By Matt Snyder
Let's not go crazy about the headline before realizing it's still a longshot that Cardinals superstar Albert Pujols signs elsewhere. Personally, I'd be shocked if he signed with anyone else. Most of the major markets are unable to come through with a huge bid. The Cubs might be able to, but we don't know if the new brain trust wants to take that path immediately (my guess is they don't). The Marlins are meeting with Pujols Friday, but could they afford him? It's doubtful they could come close to paying what St. Louis could. Can the allure of taking his talents to South Beach trump the loyalty, familiarity and dollars of St. Louis? Tough call, but only Pujols could answer that.
Still, let's just imagine a scenario where the Cardinals looked at the price tag internally and thought it best to outwardly appear as if they've done everything they could -- to appease the fans -- but still let Pujols walk via free agency. Obviously losing the best player in baseball would hurt the Cardinals, but I don't think it would be a death blow.
Let's check out what could be done with the money available, should Pujols sign elsewhere.
First of all, Jose Reyes could be signed to play shortstop. The leadoff spot was a bigger problem for the Cardinals than the middle of the order in 2011 (since-retired manager Tony La Russa had to use Ryan Theriot at leadoff in Game 7 of the World Series). Throw money at Reyes and the problem is solved. Plus, with Theriot, Nick Punto, Skip Schumaker and Daniel Descalso, there's plenty of infield depth to play with when Reyes serves a few stints on the DL. Jimmy Rollins could be a fall-back option. Next, Mark Buehrle could be signed. Remember, he grew up a Cardinals fan and has expressed interest in pitching for St. Louis in the past.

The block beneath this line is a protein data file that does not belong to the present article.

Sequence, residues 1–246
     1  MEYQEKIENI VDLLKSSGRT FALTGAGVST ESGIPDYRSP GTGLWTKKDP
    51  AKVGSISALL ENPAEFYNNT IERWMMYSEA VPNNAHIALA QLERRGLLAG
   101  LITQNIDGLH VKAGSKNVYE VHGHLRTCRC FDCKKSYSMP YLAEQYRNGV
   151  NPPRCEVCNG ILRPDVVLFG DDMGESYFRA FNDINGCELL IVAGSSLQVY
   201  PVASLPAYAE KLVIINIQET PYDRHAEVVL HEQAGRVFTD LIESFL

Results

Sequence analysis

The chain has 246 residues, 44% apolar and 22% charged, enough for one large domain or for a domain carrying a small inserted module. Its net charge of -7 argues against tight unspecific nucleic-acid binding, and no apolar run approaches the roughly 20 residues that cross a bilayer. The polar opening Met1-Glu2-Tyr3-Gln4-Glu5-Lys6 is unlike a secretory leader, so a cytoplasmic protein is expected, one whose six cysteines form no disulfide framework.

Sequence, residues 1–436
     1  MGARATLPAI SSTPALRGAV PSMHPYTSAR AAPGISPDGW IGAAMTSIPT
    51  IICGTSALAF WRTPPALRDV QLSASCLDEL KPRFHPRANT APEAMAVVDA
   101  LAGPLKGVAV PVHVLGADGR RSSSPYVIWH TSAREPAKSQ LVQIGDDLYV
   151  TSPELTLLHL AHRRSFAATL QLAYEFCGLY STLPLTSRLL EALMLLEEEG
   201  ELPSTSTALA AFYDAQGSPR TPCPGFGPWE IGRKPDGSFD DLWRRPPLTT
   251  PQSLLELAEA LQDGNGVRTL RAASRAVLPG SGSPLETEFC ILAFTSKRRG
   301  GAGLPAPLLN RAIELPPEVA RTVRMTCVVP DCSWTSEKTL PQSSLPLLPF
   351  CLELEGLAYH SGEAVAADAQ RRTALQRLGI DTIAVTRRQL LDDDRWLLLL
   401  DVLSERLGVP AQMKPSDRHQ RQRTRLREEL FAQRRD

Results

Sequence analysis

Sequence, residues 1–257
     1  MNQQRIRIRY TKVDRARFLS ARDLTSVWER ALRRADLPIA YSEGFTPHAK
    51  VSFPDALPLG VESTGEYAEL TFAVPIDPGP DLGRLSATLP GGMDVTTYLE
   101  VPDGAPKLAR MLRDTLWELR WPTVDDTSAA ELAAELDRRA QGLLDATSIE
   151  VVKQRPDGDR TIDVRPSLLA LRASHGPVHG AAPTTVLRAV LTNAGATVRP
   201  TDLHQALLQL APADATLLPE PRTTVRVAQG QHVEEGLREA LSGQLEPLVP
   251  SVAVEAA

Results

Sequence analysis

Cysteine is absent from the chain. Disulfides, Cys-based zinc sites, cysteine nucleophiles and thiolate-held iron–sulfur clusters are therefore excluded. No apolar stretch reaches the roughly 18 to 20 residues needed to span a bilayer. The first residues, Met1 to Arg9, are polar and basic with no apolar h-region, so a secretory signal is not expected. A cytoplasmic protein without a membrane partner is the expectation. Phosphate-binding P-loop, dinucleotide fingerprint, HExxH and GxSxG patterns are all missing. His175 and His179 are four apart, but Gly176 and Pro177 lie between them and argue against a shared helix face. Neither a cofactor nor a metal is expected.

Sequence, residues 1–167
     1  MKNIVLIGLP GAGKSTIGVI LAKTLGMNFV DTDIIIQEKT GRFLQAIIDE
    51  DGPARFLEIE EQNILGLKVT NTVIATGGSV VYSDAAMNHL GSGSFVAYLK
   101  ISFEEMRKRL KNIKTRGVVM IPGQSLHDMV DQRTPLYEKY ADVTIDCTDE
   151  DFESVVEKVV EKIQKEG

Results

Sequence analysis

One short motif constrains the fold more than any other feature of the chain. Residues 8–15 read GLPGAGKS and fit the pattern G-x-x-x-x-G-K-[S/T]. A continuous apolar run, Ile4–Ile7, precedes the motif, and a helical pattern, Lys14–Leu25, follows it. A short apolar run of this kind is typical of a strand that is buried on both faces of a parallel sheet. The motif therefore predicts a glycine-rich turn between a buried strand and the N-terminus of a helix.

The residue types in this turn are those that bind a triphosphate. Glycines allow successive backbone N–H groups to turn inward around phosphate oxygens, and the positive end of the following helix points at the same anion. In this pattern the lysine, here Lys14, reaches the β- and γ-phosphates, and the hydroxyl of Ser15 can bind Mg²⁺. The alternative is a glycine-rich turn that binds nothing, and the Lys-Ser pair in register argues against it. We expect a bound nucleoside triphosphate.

That means the Cardinals best lineup would be something like this:
1. Jose Reyes (or Rollins), SS
2. Allen Craig, RF
3. Matt Holliday, LF
4. Lance Berkman, 1B
5. David Freese, 3B
6. Yadier Molina, C
7. Jon Jay, CF
8. Punto/Theriot/Schumaker/Descalso, 2B
The starting rotation now includes a fully recovered Adam Wainwright, so it looks like this:
1. Adam Wainwright
2. Chris Carpenter
3. Mark Buehrle
4. Jaime Garcia
5. Kyle Lohse
Jake Westbrook, Lance Lynn and top prospect Shelby Miller are available in case of injury. And the bullpen is largely the same as it was toward the end of last season, with Jason Motte now getting a full season as closer.
I tell you what, that's a pretty damn good team. Sure, there are questions, like how are Freese and Craig going to hit over the course of a 162-game season as regulars? In moving Berkman to first and starting Craig, the bench loses a valuable bat, too. Age has to be a concern with Berkman and Carpenter. And of course, how does everyone respond without La Russa? Overall, though, there isn't much to dislike about that hypothetical team.
Considering what Pujols' salary might do to the ballclub if he's making $25 million or more eight years from now -- he'll turn 32 in January -- maybe it wouldn't be so bad for St. Louis if he did leave. It's certainly worth considering (again, internally, as to not alienate Pujols himself or any of the fans). I'd at least talk about it, and I'm guessing the front office has done so as well.
To reiterate, I don't think Pujols is going anywhere, but we're smack-dab in the time of the year that hypotheticals are the most fun.
For more baseball news, rumors and analysis, follow @EyeOnBaseball on Twitter or subscribe to the RSS feed.